Oil Markets Calm As Data Shows Smaller Inventory Build-Up (USO)

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According to the Weekly Petroleum Status Report by the EIA, U.S. commercial crude oil inventories of the week ending March 9 increased by five million barrels from the previous week.

In all, 24 countries that control about 60% of global crude production pledged to withhold about 1.8 million barrels a day of output-almost 2% of the world's output.

"We are now only two to four weeks away from when weekly oil inventory data will start to draw again which should be supportive for oil prices", SEB commodities strategist Bjarne Schieldrop said.

May Brent crude, the global oil benchmark, was down 33 cents, or 0.5%, to $64.31 a barrel on the ICE Futures Europe exchange. But the American Petroleum Institute, an industry trade group, said late Tuesday that US crude supplies rose roughly 1.2 million barrels for the week ended March 9.

The group also reported the first increase in oil inventories across the world's most industrialised nations in eight months in January, a sign the impact of its coordinated output cuts may be slowly waning, and cut its forecast for demand for its own crude.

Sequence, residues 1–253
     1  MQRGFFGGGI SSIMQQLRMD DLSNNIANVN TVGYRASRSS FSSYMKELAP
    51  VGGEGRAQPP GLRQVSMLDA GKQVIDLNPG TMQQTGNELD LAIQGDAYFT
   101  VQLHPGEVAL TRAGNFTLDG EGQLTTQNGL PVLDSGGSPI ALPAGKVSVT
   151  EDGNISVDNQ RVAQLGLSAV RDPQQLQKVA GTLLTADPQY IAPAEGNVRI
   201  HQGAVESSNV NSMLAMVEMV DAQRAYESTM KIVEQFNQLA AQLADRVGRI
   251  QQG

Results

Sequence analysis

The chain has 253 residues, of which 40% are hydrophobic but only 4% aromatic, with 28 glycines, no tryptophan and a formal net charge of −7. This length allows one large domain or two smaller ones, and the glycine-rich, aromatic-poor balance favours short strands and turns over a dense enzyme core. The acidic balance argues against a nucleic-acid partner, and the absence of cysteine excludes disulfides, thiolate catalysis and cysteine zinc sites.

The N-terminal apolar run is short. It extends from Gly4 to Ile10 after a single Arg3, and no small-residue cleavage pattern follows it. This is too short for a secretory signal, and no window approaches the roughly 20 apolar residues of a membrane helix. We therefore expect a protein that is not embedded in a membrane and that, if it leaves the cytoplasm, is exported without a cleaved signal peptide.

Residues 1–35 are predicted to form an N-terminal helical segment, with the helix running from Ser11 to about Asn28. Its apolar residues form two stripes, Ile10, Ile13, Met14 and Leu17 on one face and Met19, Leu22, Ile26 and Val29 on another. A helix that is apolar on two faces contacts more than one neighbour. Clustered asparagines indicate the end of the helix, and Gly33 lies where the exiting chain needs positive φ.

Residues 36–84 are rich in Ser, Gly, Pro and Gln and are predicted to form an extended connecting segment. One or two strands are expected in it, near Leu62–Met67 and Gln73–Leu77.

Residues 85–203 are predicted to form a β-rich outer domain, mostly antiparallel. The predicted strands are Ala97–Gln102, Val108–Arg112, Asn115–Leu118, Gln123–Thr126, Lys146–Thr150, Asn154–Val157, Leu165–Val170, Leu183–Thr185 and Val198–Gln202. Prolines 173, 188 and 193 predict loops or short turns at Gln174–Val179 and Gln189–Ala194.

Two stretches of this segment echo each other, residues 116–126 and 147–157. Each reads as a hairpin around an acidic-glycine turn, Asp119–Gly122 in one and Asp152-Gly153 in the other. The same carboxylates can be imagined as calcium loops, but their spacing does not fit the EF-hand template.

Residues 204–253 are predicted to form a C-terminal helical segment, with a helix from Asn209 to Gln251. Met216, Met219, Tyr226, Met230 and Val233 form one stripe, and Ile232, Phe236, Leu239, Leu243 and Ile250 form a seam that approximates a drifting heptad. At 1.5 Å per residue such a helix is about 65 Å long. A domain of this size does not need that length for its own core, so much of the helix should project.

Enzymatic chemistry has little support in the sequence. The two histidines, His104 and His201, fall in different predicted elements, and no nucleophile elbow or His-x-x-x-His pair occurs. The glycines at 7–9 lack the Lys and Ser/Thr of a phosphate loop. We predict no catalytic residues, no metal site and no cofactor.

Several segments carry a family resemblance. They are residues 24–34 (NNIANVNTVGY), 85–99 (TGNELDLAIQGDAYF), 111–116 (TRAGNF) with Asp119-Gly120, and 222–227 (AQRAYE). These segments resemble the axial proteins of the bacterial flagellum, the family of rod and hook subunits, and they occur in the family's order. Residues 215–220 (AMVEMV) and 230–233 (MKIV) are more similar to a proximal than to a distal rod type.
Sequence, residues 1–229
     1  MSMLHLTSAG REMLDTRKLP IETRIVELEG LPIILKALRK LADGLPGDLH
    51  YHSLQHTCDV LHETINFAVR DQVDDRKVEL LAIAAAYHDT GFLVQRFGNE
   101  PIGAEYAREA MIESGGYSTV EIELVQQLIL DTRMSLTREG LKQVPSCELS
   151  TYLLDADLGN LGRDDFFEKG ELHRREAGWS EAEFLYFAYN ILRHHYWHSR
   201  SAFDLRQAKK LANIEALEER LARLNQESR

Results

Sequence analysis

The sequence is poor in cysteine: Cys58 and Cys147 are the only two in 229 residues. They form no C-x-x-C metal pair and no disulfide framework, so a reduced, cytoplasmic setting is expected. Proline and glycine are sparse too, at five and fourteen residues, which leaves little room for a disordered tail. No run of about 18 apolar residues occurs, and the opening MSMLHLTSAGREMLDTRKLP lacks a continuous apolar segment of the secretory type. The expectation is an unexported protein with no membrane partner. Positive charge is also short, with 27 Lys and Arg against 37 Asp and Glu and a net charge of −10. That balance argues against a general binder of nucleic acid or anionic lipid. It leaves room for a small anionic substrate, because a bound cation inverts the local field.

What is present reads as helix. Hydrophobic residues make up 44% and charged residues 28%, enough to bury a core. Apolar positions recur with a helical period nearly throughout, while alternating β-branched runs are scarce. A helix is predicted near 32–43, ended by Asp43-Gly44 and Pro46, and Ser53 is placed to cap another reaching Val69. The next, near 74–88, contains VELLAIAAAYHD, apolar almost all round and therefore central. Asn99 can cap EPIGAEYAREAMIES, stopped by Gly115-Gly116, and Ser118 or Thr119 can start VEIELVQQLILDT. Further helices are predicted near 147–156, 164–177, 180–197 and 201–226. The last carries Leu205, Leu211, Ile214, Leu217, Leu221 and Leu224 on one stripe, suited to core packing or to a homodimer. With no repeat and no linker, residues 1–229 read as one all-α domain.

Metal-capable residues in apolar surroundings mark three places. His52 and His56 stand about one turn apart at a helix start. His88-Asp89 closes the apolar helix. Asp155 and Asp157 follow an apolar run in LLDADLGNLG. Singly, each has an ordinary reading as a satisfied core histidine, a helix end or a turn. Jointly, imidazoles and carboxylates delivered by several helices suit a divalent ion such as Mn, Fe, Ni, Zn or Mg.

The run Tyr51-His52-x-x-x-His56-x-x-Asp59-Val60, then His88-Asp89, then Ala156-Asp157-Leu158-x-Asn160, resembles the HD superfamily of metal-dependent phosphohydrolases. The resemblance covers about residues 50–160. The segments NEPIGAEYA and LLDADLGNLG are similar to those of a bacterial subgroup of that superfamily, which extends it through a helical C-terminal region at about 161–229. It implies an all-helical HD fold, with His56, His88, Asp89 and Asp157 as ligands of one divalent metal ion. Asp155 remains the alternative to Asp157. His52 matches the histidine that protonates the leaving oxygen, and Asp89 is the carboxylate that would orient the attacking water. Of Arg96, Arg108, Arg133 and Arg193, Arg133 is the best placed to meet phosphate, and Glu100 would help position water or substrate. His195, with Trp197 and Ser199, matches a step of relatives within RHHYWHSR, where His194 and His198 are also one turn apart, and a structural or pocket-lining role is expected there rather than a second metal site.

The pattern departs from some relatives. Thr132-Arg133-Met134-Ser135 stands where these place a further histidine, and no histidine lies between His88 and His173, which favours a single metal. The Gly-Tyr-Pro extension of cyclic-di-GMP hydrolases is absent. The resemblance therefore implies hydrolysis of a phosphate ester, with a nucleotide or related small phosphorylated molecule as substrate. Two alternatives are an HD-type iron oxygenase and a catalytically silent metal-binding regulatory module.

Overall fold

Despite this, oil markets remain relatively weak. U.S. West Texas Intermediate (WTI) futures were up six cents at $60.77 a barrel.

"The ever-expanding United States supply continues to pose significant downside risk to oil prices", said Stephen Innes, head of trading for Asia/Pacific at futures brokerage OANDA.

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Opec said in its monthly report it expects supply from non-members to grow more quickly than it had previously expected.

U.S. crude production has soared by nearly a quarter since mid-2016 to 10.37 million bpd, overtaking output by top exporter Saudi Arabia.

Estimates by the EIA show global supplies will exceed 100 million bpd for the first time in the second quarter of 2018, while demand will only break through that level in the third quarter, implying a slightly oversupplied market.

US production growth is still expected at 2.7 percent in 2018, up from 2.3 percent in 2017.

A multitude of factors were weighing on oil prices, but one factor stands out among the rest, and that's the steadfast climb of USA crude oil production, which for the week ending March 2 increased again, coming in at 10.369 million bpd-close to the 10.7 million bpd figure that the EIA suspects we will see in 2018.

That would be a reversal from a supply deficit in 2017 and early 2018.